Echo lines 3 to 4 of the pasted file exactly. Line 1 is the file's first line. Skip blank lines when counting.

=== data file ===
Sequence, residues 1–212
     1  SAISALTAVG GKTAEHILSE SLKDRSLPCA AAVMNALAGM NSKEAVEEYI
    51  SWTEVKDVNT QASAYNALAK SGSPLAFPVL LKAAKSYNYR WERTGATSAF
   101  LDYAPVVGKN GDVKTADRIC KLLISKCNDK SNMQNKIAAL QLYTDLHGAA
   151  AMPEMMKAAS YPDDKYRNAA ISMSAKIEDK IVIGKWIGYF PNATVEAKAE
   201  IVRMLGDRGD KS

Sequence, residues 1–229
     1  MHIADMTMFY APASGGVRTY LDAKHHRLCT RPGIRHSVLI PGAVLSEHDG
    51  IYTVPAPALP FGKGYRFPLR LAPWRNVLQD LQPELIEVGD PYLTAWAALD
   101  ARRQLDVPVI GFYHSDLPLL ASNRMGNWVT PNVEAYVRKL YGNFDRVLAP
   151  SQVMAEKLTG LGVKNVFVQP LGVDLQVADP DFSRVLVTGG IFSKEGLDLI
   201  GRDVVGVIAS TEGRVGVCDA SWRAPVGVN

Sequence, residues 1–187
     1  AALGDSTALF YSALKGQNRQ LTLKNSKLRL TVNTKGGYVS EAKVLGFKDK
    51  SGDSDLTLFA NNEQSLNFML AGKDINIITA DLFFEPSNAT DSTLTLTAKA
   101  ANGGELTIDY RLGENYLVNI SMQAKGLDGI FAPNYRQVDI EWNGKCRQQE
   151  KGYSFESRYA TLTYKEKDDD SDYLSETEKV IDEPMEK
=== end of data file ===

    51  SWTEVKDVNT QASAYNALAK SGSPLAFPVL LKAAKSYNYR WERTGATSAF
   101  LDYAPVVGKN GDVKTADRIC KLLISKCNDK SNMQNKIAAL QLYTDLHGAA